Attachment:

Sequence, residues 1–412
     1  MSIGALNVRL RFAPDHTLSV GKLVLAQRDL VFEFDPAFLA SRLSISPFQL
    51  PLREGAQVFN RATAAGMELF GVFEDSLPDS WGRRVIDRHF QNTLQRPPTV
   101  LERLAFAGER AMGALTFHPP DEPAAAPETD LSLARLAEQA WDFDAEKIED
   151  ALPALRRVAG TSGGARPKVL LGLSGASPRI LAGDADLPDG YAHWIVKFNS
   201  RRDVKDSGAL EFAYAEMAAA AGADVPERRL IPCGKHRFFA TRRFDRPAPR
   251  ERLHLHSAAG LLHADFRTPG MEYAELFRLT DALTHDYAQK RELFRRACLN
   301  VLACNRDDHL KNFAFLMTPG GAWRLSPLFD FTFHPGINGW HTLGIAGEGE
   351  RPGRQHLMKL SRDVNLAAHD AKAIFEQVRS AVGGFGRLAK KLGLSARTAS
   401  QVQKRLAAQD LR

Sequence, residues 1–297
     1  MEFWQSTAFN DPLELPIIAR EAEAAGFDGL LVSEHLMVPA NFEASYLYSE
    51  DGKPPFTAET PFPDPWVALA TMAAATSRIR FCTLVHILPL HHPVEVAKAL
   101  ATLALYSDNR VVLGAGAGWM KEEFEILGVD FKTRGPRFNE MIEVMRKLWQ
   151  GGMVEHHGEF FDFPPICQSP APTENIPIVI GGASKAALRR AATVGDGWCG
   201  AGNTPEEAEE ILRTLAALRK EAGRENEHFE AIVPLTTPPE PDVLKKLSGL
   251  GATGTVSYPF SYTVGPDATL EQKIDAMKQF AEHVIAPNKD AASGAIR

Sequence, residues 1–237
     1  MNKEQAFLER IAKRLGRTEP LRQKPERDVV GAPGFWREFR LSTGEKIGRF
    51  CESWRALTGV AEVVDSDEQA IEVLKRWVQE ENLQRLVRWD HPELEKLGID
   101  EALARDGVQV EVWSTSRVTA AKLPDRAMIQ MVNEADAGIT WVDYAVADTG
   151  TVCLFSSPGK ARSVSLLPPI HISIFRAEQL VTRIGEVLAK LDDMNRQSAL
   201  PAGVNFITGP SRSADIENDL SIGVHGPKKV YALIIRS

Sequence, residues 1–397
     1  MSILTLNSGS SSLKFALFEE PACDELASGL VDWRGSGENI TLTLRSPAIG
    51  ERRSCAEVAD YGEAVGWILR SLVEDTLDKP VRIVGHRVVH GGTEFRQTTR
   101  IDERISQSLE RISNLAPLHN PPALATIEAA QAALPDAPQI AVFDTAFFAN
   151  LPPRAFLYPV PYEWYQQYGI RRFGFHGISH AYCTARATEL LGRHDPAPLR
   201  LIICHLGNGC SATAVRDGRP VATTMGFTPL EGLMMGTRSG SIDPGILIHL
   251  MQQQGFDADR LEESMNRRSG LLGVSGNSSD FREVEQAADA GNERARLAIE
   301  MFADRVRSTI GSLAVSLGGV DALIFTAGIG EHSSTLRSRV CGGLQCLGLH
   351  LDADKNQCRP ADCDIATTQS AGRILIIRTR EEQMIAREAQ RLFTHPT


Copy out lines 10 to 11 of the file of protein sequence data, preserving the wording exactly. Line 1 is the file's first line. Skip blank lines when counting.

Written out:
   401  QVQKRLAAQD LR

Sequence, residues 1–297